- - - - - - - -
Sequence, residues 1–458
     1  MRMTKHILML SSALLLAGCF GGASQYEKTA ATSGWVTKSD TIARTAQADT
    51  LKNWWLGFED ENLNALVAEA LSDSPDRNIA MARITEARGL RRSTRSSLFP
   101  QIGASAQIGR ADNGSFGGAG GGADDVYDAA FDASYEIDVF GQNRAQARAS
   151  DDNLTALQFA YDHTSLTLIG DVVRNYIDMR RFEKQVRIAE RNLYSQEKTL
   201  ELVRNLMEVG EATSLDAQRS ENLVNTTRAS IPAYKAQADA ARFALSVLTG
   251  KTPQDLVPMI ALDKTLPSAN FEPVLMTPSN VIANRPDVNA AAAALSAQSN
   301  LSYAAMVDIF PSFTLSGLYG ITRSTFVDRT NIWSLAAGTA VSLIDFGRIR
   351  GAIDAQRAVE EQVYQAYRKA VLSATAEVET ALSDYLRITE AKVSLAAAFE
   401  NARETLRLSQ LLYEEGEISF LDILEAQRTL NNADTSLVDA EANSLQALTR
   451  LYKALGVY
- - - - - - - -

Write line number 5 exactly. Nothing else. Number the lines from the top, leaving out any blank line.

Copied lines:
   151  DDNLTALQFA YDHTSLTLIG DVVRNYIDMR RFEKQVRIAE RNLYSQEKTL